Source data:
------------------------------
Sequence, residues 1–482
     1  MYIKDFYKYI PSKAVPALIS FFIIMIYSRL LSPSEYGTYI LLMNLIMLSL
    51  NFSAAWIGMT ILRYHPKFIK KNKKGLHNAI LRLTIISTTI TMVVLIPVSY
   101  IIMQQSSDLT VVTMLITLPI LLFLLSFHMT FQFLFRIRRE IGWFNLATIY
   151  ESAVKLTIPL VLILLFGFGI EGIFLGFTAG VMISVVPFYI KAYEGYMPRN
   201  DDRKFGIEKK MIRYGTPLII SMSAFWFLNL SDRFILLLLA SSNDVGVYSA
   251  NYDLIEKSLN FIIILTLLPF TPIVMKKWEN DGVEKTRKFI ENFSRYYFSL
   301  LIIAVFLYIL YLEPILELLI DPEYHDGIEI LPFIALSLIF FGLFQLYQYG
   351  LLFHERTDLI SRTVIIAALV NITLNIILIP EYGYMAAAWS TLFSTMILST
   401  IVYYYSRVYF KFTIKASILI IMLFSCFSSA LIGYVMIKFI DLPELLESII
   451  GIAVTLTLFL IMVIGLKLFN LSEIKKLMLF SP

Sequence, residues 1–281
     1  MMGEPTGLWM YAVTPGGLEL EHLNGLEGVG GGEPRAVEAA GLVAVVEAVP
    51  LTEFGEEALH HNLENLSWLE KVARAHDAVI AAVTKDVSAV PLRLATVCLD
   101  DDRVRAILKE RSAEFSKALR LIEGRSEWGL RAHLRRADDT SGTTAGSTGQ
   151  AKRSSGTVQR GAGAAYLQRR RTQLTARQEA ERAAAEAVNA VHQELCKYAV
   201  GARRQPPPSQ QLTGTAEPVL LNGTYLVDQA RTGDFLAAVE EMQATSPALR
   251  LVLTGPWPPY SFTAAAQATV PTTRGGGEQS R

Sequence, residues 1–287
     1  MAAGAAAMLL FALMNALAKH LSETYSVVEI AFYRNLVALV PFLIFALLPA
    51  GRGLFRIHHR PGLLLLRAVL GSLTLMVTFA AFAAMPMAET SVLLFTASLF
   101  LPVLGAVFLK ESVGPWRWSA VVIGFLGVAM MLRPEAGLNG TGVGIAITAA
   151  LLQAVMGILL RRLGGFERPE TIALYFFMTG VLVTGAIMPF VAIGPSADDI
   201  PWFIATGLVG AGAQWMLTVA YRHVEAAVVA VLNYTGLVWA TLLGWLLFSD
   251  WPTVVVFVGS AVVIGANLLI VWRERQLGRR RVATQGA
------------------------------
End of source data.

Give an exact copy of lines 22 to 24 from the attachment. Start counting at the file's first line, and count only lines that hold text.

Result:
   101  LPVLGAVFLK ESVGPWRWSA VVIGFLGVAM MLRPEAGLNG TGVGIAITAA
   151  LLQAVMGILL RRLGGFERPE TIALYFFMTG VLVTGAIMPF VAIGPSADDI
   201  PWFIATGLVG AGAQWMLTVA YRHVEAAVVA VLNYTGLVWA TLLGWLLFSD